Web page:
Adelaide
9.1 Precipitation on surface water

Supporting information

The volume reported (6,783 ML) represents the total precipitation falling onto surface water storages and weirs in the Adelaide region during the 2012–13 year.

Precipitation, itemised by each surface water storage and weir, is provided in the following table.

Precipiation on storages and weirs in the Adelaide region during the 2012–13 year

Surface water storage

Volume (ML)

Barossa Reservoir1

271

Barossa Weir2

14

Clarendon Weir3

41

Gorge Weir4

14

Gumeracha Weir5

110

Happy Valley Reservoir6

787

Hope Valley Reservoir7

188

Kangaroo Creek Reservoir8

260

Little Para Reservoir9

305

Millbrook Reservoir10

698

Mount Bold Reservoir11

953

Myponga Reservoir12

1,596

Onkaparinga Summit Reservoir13

63

South Para Reservoir14

1,055

Warren Reservoir15

428

Total

6,783


6-12, 14-15 Precipitation calculation used dynamic surface area.
1-5, 13 Precipitation calculation used static surface area.

Quantification approach

Data source

National Climate Centre daily climate grids (rainfall), Australian Hydrological Geospatial Fabric (AHGF) waterbody feature class, Australian Water Resources Information System (AWRIS)—Water storages.

Provided by

Bureau of Meteorology.

Method

Monthly precipitation data were produced by the Bureau of Meteorology. These were based on daily data from approximately 6,500 rain gauge stations and interpolated to a 0.05 degree (approximately 5 km) national grid (Jones et al. 2007).

Precipitation at each waterbody was estimated from the proportionally weighted average of grid-point cells that intersected each storage or weir (water feature). The precipitation volume was then estimated using the surface area of each waterbody. Surface area varied dynamically with changing storage level for storages, where the relationship between storage level and surface area has been derived. The surface area of storages was either calculated dynamically or was a static value produced from the AHGF (refer to previous table). The surface area of all weirs was a static value produced from the AHGF.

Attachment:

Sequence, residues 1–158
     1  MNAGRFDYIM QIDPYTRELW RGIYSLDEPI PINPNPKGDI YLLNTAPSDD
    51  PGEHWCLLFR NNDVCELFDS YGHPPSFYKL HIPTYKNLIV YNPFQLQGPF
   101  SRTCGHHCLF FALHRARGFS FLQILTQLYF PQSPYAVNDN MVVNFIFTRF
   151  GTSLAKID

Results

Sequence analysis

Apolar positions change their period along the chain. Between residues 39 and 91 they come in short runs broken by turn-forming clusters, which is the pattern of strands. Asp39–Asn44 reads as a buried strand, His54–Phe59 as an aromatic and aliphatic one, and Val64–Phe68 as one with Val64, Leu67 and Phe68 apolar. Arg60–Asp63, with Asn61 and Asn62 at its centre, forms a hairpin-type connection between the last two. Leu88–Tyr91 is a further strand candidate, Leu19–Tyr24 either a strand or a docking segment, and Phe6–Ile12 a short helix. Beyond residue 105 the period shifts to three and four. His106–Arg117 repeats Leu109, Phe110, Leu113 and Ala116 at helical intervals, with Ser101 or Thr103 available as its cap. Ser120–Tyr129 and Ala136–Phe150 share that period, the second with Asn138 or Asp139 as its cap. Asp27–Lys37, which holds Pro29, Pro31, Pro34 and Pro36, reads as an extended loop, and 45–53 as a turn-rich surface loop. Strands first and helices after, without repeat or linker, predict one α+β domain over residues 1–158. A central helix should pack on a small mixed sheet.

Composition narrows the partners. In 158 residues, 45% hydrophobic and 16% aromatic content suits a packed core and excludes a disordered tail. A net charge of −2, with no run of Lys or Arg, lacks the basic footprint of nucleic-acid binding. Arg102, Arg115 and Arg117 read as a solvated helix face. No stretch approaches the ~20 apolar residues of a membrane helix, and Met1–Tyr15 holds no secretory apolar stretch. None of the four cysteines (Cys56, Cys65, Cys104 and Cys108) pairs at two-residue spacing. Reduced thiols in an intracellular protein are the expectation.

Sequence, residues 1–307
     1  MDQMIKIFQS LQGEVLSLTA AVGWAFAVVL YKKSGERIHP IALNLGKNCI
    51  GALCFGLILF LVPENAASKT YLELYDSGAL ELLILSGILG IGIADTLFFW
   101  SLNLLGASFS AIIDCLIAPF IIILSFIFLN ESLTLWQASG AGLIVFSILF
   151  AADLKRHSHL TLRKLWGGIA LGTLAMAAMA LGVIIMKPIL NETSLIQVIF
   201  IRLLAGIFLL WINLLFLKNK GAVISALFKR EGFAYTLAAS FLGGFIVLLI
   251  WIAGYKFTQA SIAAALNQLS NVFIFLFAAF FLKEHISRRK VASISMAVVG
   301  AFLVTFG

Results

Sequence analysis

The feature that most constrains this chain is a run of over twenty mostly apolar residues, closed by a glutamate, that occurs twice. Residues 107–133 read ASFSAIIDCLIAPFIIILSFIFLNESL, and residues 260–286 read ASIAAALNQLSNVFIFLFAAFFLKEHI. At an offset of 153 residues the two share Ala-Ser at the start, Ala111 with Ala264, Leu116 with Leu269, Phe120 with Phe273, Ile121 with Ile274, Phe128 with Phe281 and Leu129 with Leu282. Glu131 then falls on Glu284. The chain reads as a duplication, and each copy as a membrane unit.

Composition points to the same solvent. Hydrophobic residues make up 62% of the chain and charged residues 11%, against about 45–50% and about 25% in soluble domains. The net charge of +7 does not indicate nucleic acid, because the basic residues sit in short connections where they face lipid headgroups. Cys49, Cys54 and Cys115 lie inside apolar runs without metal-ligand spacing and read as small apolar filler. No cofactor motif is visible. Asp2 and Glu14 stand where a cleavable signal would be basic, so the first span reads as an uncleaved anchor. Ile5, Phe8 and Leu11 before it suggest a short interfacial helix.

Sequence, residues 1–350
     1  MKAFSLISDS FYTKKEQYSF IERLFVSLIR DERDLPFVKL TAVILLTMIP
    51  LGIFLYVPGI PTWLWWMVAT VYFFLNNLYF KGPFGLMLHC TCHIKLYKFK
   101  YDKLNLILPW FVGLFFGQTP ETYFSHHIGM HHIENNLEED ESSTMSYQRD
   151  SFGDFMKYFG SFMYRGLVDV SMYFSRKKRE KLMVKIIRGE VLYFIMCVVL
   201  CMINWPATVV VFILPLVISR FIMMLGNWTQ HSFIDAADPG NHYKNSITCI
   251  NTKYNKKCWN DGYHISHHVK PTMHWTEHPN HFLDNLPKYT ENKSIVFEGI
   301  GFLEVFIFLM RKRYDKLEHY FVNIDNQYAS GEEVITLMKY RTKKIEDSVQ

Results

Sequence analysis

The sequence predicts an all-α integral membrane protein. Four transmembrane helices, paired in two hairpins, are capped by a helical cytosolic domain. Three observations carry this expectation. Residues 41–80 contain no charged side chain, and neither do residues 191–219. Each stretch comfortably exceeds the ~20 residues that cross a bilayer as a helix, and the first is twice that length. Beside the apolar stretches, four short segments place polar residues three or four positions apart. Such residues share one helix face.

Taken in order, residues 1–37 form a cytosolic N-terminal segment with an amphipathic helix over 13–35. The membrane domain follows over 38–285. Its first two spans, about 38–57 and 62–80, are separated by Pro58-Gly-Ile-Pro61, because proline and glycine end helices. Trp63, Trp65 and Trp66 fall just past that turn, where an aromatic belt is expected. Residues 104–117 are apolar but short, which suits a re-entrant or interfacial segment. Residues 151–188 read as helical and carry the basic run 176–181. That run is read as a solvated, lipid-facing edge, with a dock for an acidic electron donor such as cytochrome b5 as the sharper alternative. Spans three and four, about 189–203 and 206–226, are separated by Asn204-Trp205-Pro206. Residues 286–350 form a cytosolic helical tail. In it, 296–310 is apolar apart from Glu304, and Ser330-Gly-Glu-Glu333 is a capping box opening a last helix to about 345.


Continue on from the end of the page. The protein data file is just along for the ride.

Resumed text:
Assumptions, limitations, caveats and approximations

  • The precipitation estimates were subject to approximations associated with interpolating observation point data to a national grid detailed in Jones et al. (2007).
  • The dynamic storage surface areas calculated from the levels and capacity tables represent a monthly average and therefore will not capture changes that occur on a shorter temporal scale.
  • The use of the static default AHGF surface area is an approximation only. It represents the water features at capacity and therefore likely results in an overestimation of precipitation on the water features.
  • Precipitation was only estimated for the surface water storages and weirs (for which data were available) within the Adelaide region and does not include river channels.

Uncertainty information

The uncertainty estimate was not quantified.